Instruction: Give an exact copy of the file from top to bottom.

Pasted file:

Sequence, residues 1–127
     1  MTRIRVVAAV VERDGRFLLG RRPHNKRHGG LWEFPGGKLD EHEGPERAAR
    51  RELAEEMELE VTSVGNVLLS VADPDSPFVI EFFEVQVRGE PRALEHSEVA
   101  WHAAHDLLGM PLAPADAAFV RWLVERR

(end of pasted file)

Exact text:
Sequence, residues 1–127
     1  MTRIRVVAAV VERDGRFLLG RRPHNKRHGG LWEFPGGKLD EHEGPERAAR
    51  RELAEEMELE VTSVGNVLLS VADPDSPFVI EFFEVQVRGE PRALEHSEVA
   101  WHAAHDLLGM PLAPADAAFV RWLVERR